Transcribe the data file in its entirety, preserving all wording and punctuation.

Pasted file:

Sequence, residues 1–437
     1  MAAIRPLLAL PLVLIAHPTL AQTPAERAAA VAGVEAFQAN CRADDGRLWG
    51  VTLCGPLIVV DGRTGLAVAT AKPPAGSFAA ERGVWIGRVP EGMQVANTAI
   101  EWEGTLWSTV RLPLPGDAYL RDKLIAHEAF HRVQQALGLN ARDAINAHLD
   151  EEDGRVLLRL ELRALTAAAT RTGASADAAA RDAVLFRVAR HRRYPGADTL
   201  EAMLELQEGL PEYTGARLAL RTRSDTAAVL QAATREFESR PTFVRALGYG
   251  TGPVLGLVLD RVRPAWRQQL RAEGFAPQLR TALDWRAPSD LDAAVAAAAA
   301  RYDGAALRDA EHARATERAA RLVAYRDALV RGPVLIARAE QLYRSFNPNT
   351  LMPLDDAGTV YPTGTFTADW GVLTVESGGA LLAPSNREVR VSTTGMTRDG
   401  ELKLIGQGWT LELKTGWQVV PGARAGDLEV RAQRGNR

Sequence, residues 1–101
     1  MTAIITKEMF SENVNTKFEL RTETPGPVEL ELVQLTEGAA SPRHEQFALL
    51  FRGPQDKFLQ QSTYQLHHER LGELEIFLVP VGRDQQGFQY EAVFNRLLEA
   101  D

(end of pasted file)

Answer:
Sequence, residues 1–437
     1  MAAIRPLLAL PLVLIAHPTL AQTPAERAAA VAGVEAFQAN CRADDGRLWG
    51  VTLCGPLIVV DGRTGLAVAT AKPPAGSFAA ERGVWIGRVP EGMQVANTAI
   101  EWEGTLWSTV RLPLPGDAYL RDKLIAHEAF HRVQQALGLN ARDAINAHLD
   151  EEDGRVLLRL ELRALTAAAT RTGASADAAA RDAVLFRVAR HRRYPGADTL
   201  EAMLELQEGL PEYTGARLAL RTRSDTAAVL QAATREFESR PTFVRALGYG
   251  TGPVLGLVLD RVRPAWRQQL RAEGFAPQLR TALDWRAPSD LDAAVAAAAA
   301  RYDGAALRDA EHARATERAA RLVAYRDALV RGPVLIARAE QLYRSFNPNT
   351  LMPLDDAGTV YPTGTFTADW GVLTVESGGA LLAPSNREVR VSTTGMTRDG
   401  ELKLIGQGWT LELKTGWQVV PGARAGDLEV RAQRGNR

Sequence, residues 1–101
     1  MTAIITKEMF SENVNTKFEL RTETPGPVEL ELVQLTEGAA SPRHEQFALL
    51  FRGPQDKFLQ QSTYQLHHER LGELEIFLVP VGRDQQGFQY EAVFNRLLEA
   101  D